In this analysis, resistance to one or more drugs was defined as resistance to isoniazid, rifampin, or pyrazinamide—the three drugs that constitute first-line treatment in Mexico. Resistance to one or more drugs was defined as primary for patients who had never taken anti-TB drugs and as acquired for patients reporting previous treatment with anti-TB drugs. Multidrug-resistant (MDR) TB was defined as resistance to at least isoniazid and rifampin.2 Primary resistance was considered to reflect infection with a resistant organism, and acquired resistance was considered to reflect the development of resistance during the course of previous therapy.
During the study period, 816 patients were officially reported with AFB smear-positive pulmonary TB: 351 from Baja California, 110 from Oaxaca, and 355 from Sinaloa. Of these, 602 (74%) were enrolled in the study; MTB isolates were available for drug-susceptibility testing from 440 (73%) patients. Of the remaining specimens, 22% had no growth, 4% were contaminated, and 1% had nontuberculous mycobacteria. Of patients with MTB isolates, 24% had a history of prior TB treatment. The median age of patients was 36 years (range: 10-99 years); 69% were male. No difference was observed between patients with culture-positive and culture-negative isolates by age or prior history of TB.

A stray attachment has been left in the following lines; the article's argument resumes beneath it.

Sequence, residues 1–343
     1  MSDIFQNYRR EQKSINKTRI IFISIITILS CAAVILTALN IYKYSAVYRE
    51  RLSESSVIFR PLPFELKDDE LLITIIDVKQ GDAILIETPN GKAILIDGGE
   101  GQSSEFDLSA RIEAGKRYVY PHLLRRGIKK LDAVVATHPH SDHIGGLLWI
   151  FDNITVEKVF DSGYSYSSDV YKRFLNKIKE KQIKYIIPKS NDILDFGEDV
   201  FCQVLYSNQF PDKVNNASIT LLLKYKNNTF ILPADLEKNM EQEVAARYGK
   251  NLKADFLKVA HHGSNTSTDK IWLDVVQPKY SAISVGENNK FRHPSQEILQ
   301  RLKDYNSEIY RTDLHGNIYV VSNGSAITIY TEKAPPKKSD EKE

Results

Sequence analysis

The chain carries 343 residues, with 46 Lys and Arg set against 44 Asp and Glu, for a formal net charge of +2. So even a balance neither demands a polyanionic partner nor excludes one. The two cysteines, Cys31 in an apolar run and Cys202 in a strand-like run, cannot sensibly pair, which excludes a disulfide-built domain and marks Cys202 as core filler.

Primary resistance to one or more of the three current first-line drugs used in Mexico was 12%; acquired resistance was 50%. Levels for both primary and acquired drug resistance did not differ significantly by state or by patient age or sex. Levels of combined resistance (primary and acquired), which represent an approximation of the overall level of drug resistance to isoniazid, rifampin, pyrazinamide, ethambutol, or streptomycin the community, were 26% (113 of 440) for one or more of the five drugs, 18% (79 of 440) for isoniazid resistance, and 6% (28 of 440) for MDR TB.
Patients with acquired resistance were significantly more likely than patients with primary resistance to have resistance to one or more of the three first-line drugs (prevalence rate ratio [PRR]=4.0; 95% confidence interval [CI]=2.8-5.7), to have isoniazid resistance (PRR=3.6; 95% CI=2.5-5.4), and to have MDR TB (PRR=12.4; 95% CI=4.8-32.3).